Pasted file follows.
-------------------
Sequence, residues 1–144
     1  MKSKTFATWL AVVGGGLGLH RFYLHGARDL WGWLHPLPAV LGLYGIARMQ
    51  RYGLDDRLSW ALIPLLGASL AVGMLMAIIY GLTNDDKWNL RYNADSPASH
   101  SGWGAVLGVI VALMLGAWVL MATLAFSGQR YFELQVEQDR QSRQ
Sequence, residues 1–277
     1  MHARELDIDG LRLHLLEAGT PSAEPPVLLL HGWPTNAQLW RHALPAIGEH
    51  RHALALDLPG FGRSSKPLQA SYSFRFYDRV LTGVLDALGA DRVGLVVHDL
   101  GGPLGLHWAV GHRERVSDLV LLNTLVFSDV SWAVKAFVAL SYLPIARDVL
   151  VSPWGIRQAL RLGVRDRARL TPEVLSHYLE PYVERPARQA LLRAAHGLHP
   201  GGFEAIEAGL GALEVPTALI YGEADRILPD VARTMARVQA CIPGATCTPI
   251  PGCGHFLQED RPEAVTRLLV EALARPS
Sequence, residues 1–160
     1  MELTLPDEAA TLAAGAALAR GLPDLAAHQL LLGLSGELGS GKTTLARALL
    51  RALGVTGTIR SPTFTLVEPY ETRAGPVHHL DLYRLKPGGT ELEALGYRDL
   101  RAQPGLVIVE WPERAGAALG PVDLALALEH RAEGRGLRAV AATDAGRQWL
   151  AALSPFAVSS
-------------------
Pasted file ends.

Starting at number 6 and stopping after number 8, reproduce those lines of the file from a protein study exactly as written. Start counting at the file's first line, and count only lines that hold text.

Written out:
     1  MHARELDIDG LRLHLLEAGT PSAEPPVLLL HGWPTNAQLW RHALPAIGEH
    51  RHALALDLPG FGRSSKPLQA SYSFRFYDRV LTGVLDALGA DRVGLVVHDL
   101  GGPLGLHWAV GHRERVSDLV LLNTLVFSDV SWAVKAFVAL SYLPIARDVL